This is an answer I provided on Quora. I duplicate it here because I think many people can benefit from reading it.
“Since the Corona virus has a limited life cycle outside of the human body (up to 3 days on different surfaces), can the masks left unattended be reused?”
While sterilization of masks is an open issue, necessitated primarily by the shortage of masks, this questions expresses the primary misunderstanding about used masks.
Masks have two purposes. First, prevent infected people from filling the air with virus, whether through coughing or just talking. Second is to reduce, preferably eliminate, breathing-in of contaminated air. A third, rather minor, purpose is to keep people from touching their noses and mouths.
Here is how masks work, and how that impacts the second usage.
Suppose you make a mask out of solid plastic. You can’t seal it to the face or you will suffocate. If you don’t seal it to the face, air will come in around the mask, and that air will be just about as contaminated as breathing without the mask. A circuitous air passage does not remove much contamination, and the circuitousness around a face mask is minimal.
Instead, you use a filtering material. Just about any good filtering material will work for the first usage, since the existence of the mask will keep most viruses from leaving the mask, and the ones that do escape will lose most of the kinetic energy they need to travel very far.
For the second usage, the filtering material, to be effective, must at least filter down to the size of small water droplets, and in the case of the best, down to virus size. This is very small, and generally makes breathing harder if the mask is properly fitted. A good N95 mask has this quality. Medical people know how to fit them so air doesn’t go around the mask (no beards!), and they learn to put up with the extra energy it takes to breathe while wearing one.
The little mentioned truth is that N95 masks become progressively harder to breathe through because the tiny air passages tend to fill up with crap in the air. Most of this crap has nothing to do with Covid-19, including cigarette smoke particulates and diesel engine particulates. Medical people normally deal with this increased breathing effort by replacing the mask.
When untrained people, typically non-medical, notice difficulty breathing in an N95 mask, they almost always loosen it, allowing air to come in around the edges. When that happens, the mask is no better than a normal (what I call) sawdust mask. The first usage is still benefiting, but with a much more expensive mask. Sadly, people who already have breathing difficulty almost never properly fit an N95 mask because it interferes with their already labored breathing.
The worldwide shortage of N95 masks and other protective gear for medical personnel prompted WHO and other public health organizations to downplay the second usage of masks (self protection) so that N95 masks would be available to the people who need them most and know how to use them. This was taken to mean that masks aren’t effective against Covid-19: it was meant to save lives.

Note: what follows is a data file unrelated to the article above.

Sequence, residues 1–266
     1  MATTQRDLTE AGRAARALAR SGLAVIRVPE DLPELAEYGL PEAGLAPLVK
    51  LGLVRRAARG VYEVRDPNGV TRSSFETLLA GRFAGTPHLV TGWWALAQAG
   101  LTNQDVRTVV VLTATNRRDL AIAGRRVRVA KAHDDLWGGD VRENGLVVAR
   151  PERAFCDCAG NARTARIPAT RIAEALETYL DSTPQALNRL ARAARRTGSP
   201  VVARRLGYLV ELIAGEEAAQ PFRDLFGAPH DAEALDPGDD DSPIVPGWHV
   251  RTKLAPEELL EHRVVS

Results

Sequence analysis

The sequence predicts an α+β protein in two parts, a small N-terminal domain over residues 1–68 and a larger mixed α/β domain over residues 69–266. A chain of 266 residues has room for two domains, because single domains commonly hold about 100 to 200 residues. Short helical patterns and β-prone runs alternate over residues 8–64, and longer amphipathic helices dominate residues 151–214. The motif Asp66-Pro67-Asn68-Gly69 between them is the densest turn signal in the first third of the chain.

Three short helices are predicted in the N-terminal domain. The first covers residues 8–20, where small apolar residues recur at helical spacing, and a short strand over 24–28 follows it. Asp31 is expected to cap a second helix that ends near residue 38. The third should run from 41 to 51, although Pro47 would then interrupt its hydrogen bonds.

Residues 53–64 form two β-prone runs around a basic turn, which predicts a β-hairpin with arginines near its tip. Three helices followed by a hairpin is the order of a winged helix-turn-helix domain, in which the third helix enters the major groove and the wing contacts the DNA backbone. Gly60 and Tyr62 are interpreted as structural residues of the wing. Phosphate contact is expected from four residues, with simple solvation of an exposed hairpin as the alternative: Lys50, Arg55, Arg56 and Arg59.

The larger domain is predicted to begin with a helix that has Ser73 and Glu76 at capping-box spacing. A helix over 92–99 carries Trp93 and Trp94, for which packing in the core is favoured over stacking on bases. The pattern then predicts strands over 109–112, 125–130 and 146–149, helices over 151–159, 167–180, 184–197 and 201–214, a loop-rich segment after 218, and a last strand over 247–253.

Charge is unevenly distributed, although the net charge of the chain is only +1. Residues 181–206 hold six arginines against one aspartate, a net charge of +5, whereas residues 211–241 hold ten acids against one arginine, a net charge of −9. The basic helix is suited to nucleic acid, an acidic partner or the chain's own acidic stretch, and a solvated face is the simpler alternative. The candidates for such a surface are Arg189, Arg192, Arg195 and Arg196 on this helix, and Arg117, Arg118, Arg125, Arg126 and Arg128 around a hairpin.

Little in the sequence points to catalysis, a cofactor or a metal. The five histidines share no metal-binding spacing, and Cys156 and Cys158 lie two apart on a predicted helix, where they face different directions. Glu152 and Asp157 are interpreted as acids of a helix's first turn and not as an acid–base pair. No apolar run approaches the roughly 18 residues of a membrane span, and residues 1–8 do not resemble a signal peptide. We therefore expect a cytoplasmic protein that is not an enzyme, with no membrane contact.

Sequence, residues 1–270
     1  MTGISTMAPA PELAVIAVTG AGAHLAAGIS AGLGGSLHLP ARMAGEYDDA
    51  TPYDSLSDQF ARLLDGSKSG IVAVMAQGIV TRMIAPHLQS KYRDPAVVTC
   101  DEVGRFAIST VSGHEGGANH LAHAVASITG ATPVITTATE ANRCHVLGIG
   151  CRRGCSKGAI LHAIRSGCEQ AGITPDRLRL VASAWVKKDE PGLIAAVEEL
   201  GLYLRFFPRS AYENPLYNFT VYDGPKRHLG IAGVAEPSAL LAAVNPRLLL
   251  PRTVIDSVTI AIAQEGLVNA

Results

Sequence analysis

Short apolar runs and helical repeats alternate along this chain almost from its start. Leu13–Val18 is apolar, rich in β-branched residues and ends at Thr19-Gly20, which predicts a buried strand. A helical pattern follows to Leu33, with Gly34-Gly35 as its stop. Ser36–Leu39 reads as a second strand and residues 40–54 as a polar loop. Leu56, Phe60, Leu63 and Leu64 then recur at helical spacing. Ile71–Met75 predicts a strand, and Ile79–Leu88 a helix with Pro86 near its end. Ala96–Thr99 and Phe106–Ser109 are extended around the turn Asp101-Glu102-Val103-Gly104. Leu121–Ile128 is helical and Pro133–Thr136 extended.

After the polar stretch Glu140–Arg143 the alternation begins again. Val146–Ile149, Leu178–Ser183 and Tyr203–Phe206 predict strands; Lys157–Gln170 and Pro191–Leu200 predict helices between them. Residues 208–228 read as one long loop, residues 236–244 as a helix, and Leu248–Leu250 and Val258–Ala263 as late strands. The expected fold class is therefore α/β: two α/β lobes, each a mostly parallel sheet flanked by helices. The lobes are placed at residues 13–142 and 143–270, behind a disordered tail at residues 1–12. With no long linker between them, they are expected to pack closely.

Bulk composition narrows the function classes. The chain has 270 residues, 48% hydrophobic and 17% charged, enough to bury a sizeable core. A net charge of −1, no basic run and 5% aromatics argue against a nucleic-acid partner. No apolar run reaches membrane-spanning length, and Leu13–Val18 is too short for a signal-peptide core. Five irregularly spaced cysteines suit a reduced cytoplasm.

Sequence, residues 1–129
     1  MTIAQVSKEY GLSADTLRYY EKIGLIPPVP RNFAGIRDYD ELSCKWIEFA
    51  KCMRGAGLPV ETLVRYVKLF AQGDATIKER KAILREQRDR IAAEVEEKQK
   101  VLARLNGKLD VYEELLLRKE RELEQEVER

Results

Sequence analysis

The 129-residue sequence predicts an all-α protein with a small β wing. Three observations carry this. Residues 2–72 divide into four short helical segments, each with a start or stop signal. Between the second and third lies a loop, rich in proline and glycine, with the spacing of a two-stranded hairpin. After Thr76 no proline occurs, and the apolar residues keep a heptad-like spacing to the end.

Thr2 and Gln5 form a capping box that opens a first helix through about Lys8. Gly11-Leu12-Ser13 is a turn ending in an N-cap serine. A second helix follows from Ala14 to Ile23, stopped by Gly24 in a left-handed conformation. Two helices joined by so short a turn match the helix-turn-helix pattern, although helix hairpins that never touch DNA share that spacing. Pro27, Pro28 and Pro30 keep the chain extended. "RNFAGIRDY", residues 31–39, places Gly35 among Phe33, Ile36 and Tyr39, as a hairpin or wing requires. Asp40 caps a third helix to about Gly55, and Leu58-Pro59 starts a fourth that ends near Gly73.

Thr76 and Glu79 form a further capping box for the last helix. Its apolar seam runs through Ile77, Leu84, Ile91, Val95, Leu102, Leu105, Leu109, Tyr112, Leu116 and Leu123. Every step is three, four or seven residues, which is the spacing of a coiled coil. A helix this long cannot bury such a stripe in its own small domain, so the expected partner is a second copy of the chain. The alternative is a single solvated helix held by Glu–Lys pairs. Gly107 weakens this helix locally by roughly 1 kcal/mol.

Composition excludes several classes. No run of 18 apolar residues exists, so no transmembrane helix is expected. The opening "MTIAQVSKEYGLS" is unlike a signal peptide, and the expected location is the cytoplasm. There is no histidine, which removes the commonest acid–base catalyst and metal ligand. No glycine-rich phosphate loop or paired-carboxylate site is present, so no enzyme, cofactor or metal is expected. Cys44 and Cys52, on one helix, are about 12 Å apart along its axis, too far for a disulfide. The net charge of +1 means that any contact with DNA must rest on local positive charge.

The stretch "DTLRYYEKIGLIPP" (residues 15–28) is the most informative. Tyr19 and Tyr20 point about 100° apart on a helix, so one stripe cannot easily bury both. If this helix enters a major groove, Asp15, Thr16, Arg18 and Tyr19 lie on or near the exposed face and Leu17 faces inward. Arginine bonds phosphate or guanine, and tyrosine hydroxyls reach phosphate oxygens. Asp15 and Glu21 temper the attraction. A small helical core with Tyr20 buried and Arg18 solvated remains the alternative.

The primary problem with the second usage of masks (protecting self) is that it doesn’t scale to the general public, or in most cases even work.
Now we’re realizing that because anyone can be a carrier without knowing it, everyone should use a mask for the first usage (protect others). In many Asian countries, there is a culture of wearing masks for both usages. They are used extensively in Korea, and undoubtedly contribute to Korea’s relative success in dealing with Covid-19. (Though Korea’s “trace and test” methodology is the primary reason for their success.)
A mask for the first purpose doesn’t have to be a medical mask, and certainly the valuable N95 masks aren’t needed, or even useful after a short time. Multiple layers of cloth will suppress most emission of virus by coughing or breathing.
The biggest barrier to widespread use of masks in the Western world is the perceived benefit of wearing them. The downside of wearing a mask is obvious to most people, so they aren’t going to wear one without a good reason. The problem is that the first usage (protecting others) only makes sense to a Westerners if they have some suspicion that they are infected, and since most of us are in denial, it isn’t a compelling reason. The second usage (protecting self) is much more compelling, but the downsides of obtaining, properly using, and being seen wearing N95 masks make the second usage unattractive to most of us.
The original question refers to reuse of masks. When medical institutions consider this, they are acting out of desperation. They need masks for the second usage (protecting self), and they need it on a scale that most of us can’t imagine. Their biggest interest is in cleaning the masks of contaminants so providers can breathe sufficiently. Simultaneously, they need to ensure that infectious agents, including but not limited to Covid-19, are removed, since masks will be reused by random others.
Leaving the masks unattended accomplishes very little in the grand scheme of things, even if we could reliably predict how long to leave them.
The nice thing about accepting that most of us can only expect to benefit from the first usage (protecting others) is that effective masks for that purpose can be made from layers of cloth, and cloth can be washed with soap, and exposure to soapy water kills all coronavirus.